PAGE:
Published in Retina

When Photos Mislead: Avoiding Pitfalls of Teleretinal Imaging

This is editorially independent content
9 min read

Review clinical pearls eyecare practitioners can employ to optimize teleretinal imaging.

When Photos Mislead: Avoiding Pitfalls of Teleretinal Imaging
Retinal imaging is a valuable tool in comprehensive ophthalmic exams that helps clinicians diagnose ocular diseases and monitor their progression.
Optometry and ophthalmology offices, and more recently, primary care offices (e.g., family medicine), often use it in managing various diseases such as diabetes, as diabetic retinopathy (DR) is one of the leading causes of blindness in middle-aged adults in the United States.
Over the past few years, non-mydriatic (i.e., undilated) teleretinal imaging has improved overall patient compliance with retinal screening exams. However, it is still only a screening tool that should be utilized in addition to regular slit-lamp and dilated fundus examinations.
Here, we discuss the advantages of teleretinal screening programs and some pitfalls in clinical cases that remind us that teleretinal images should be used as screening rather than an all-encompassing tool.

Advantages of teleretinal screening

General recommendations from different societies encourage diabetic retinal exams 5 years after diagnosis for type 1 diabetes and at the time of diagnosis for type 2 diabetes. However, the compliance rate for these exams was very low until recently, teleretinal imaging was developed to provide an initial patient assessment in the primary care setting.
This has a positive impact on meeting quality metrics like Healthcare Effectiveness Data and Information Set (HEDIS) and Medicare Advantage Stars.

Using teleretinal screening to assess for diabetic retinopathy

Teleretinal programs provide a way to screen diabetic patients for retinopathy in a primary care setting. Trained medical assistants and office staff use non-mydriatic digital cameras to capture retinal images. These cameras only require basic training, which makes teleretinal screening an easy-to-integrate program for non-ophthalmologists across the country.
Subsequently, trained providers interpret the images. Primary care physicians receive a copy of the interpretation with further recommendations. Some specialists, like endocrinologists, also offer patients in-office teleretinal screening options.
Another model of using teleretinal screening is capturing these images in ophthalmology or optometry offices. After interpretation, the office staff calls the patient with further provider recommendations. A less commonly used practice pattern involves a video call while simultaneously taking photos of the retina with immediate diagnoses and counseling for patients.

Protocols to evaluate patients for diabetic retinopathy

For patients with evidence of diabetic retinopathy, teleretinal screening can be further classified by the evidence of non-proliferative or proliferative diabetic retinopathy disease. Retinal images can detect the presence of hemorrhages, retinal scars, and retinal detachments.
Images can detect lipid exudates and cotton wool spots, which are also seen in patients with high blood pressure. The retinal images also give a clear view of the optic nerve, which could be a quick screening tool for glaucoma suspects or patients with optic nerve edema.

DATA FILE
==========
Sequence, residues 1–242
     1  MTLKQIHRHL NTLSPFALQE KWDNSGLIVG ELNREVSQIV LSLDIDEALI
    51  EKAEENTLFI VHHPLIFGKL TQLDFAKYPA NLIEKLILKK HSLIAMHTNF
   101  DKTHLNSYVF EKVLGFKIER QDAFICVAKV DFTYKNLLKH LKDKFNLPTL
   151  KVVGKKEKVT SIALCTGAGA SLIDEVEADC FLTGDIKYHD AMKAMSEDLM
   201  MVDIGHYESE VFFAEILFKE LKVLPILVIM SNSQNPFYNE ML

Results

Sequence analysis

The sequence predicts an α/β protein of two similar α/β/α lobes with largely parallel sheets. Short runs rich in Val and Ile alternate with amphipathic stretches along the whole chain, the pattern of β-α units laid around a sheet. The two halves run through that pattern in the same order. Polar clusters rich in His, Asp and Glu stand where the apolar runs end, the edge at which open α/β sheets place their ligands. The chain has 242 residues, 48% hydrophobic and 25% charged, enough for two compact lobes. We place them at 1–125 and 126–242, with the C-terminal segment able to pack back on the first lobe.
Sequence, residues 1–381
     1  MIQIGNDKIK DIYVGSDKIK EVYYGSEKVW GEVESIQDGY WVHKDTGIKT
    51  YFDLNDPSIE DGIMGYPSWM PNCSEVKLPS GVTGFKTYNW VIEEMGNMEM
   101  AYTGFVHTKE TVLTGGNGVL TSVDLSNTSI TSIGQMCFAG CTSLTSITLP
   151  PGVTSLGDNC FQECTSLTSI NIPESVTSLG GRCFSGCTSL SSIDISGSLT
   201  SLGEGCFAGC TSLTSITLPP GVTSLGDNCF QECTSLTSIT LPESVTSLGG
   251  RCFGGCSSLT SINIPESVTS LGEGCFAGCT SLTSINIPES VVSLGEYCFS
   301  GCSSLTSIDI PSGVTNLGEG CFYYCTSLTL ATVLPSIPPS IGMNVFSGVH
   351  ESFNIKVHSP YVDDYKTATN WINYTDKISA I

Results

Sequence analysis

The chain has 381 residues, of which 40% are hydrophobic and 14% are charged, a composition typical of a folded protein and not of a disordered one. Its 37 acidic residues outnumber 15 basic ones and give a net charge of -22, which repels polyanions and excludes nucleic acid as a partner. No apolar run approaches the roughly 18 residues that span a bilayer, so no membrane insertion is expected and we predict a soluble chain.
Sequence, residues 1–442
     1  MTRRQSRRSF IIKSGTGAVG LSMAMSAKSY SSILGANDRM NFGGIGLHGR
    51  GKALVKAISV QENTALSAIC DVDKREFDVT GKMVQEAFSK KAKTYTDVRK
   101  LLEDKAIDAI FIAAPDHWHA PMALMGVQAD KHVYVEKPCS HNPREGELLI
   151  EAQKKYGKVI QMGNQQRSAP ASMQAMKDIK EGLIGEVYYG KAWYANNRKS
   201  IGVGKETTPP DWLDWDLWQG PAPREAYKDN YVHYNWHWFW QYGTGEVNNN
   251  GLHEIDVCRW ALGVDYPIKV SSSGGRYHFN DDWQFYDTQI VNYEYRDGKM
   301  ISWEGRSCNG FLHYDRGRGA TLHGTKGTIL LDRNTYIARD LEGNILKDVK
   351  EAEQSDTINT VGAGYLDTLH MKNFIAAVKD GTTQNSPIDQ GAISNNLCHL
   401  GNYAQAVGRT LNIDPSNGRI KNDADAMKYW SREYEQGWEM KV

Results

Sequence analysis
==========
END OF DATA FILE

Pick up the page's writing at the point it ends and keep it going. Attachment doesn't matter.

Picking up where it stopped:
In images without evidence of retinopathy, the recommendation is annual re-imaging.

For patients with evidence of mild to moderate retinopathy, a referral to an ophthalmologist for further evaluation and more frequent monitoring is recommended. Patients with severe diabetic retinopathy are often referred to retina specialists directly, depending on local demographics.

The role of artificial intelligence (AI) in screening for DR

There are now artificial intelligence diagnostic systems like IDx-DR that can recognize diabetic retinopathy and categorize teleretinal images into no-mild and moderate-severe. These systems automatically recommend re-imaging in 1 year and referral to ophthalmologists, respectively.
Some drawbacks are that the system does not indicate the level of urgency for patients in the moderate-severe group, which would mistakenly result in a patient with less severe retinopathy being prioritized over patients with more severe disease. AI systems also do not recognize other retinal pathologies, such as choroidal lesions, macular degeneration, or glaucoma.

Limitations of teleretinal imaging

Over the past few years, teleretinal screening has increasingly helped improve clinical outcomes as more patients are being screened and referred to specialists for further care. During the COVID-19 pandemic, some clinics in underserved communities were unable to provide patients with their regular visits and monitoring exams.
This emphasized the importance of telemedicine screening for diagnosing and monitoring disease progression. Overall, teleretinal screening has helped improve patient compliance; however, we present two cases highlighting some limitations of teleretinal imaging.

Case 1: Dense medial opacity on wide-field fundus photograph

A 70-year-old male with a history of cataract surgery of the left eye presented to the clinic with complaints of decreased/blurry vision in the left eye. His best-corrected visual acuity was 20/20 OD and 20/40 OS.
Here, the wide-field fundus photo (below) shows fluffy hazy media with indistinct borders and dense medial opacity obscuring visualization of the posterior pole.
Figure 1 shows wide-field Optos fundus photography of the right eye with dense medial opacity.